UNO Grad Takes on Beauty Industry with Miss America Social Impact Initiative
Omaha, Neb. – A 23-year-old University of Nebraska Omaha graduate and University of Nebraska College of Law student is taking on the beauty industry when she competes for the title of Miss Nebraska America June 12. Katie Leu Hoatson, a law clerk at the Lincoln County Public Defender’s Office, was inspired to use pageantry to change the way society views beauty after nearly undergoing weight loss surgery at the age of 16.
“I was moments away from getting it and the doctor told me, ‘You know, I don't feel comfortable with it because you're so young,’” Hoatson said. “And at the time, I was truly devastated. I honestly thought it was normal to have the surgery. I thought, “You know, bigger people get weight loss surgery and it fixes everything.’”
Hoatson said afterward she did what 50 percent of young girls do - she resorted to unhealthy diet restrictions to lose weight, resulting in becoming ill and nearly unable to walk to class.
“I was using unhealthy weight control behaviors and whenever I ate, I felt guilty. I felt like I was a bad person,” she said. “It was the first time I had ever really started to lose weight, but it wasn't in a healthy way, but the world was applauding my self-destruction. And all my friends, all the adults in my life were like ‘Go, Katie, you're doing so good, you're being so healthy, you're doing this for you.’ I’d never felt more unhealthy in my life. I couldn’t even walk up a flight of stairs. I knew then that the injustice that plus-size people feel in society needs to be addressed. Then ‘Courageous with Confidence’ was born.”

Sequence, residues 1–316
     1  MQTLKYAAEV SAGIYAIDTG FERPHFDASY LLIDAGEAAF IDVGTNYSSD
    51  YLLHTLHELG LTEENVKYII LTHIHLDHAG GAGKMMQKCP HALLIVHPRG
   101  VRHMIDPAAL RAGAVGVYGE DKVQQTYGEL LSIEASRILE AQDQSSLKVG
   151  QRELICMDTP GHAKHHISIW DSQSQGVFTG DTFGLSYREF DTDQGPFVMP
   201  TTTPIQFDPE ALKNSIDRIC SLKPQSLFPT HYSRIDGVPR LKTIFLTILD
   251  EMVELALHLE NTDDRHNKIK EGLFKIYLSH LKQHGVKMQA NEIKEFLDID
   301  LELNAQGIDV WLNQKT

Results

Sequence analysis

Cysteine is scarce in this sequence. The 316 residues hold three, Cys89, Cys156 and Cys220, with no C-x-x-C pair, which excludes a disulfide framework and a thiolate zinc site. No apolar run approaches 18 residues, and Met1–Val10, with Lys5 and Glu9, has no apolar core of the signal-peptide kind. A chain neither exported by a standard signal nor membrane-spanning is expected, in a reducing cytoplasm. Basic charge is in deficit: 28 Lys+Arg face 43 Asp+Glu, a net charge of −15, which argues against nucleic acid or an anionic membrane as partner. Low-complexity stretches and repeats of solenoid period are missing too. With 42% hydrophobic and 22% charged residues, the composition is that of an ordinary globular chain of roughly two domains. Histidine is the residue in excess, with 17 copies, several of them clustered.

Hoatson will compete for Miss Nebraska America June 10-12 in North Platte where she graduated from Hershey High School in 2016. Her goal is to destroy the beauty standard, promote health at every size, and eating disorder awareness. She also hopes to show other young girls that beauty is not a size.
“I’ve been in the top 5 in other national pageants before and I always thought that my public speaking or social impact is what would have inspired young girls, and it does, but it still shocks me when little girls come up to me afterward and say, ‘Just you being here, just looking at someone who looks like me, has made such a big difference,’” Hoatson said.
Being considered a plus-sized competitor and a model signed by Gaia Models, Hoatson has also received many non-supportive comments.
“In our society, we treat higher-weight people like they're lazy and disgusting, as if it’s some self-control issue,” she said. “But the truth is, lower-weight bodies have these issues as well. Lower-weight bodies get out of breath, have high blood pressure, have high cholesterol, and they can go to the doctor and get medication for it. A person who is higher-weight will be told to lose weight, which we see has a 95 percent failure rate. Eighty percent of women have cellulite, but just 0.1 percent have a law degree - what if that was something we applauded?”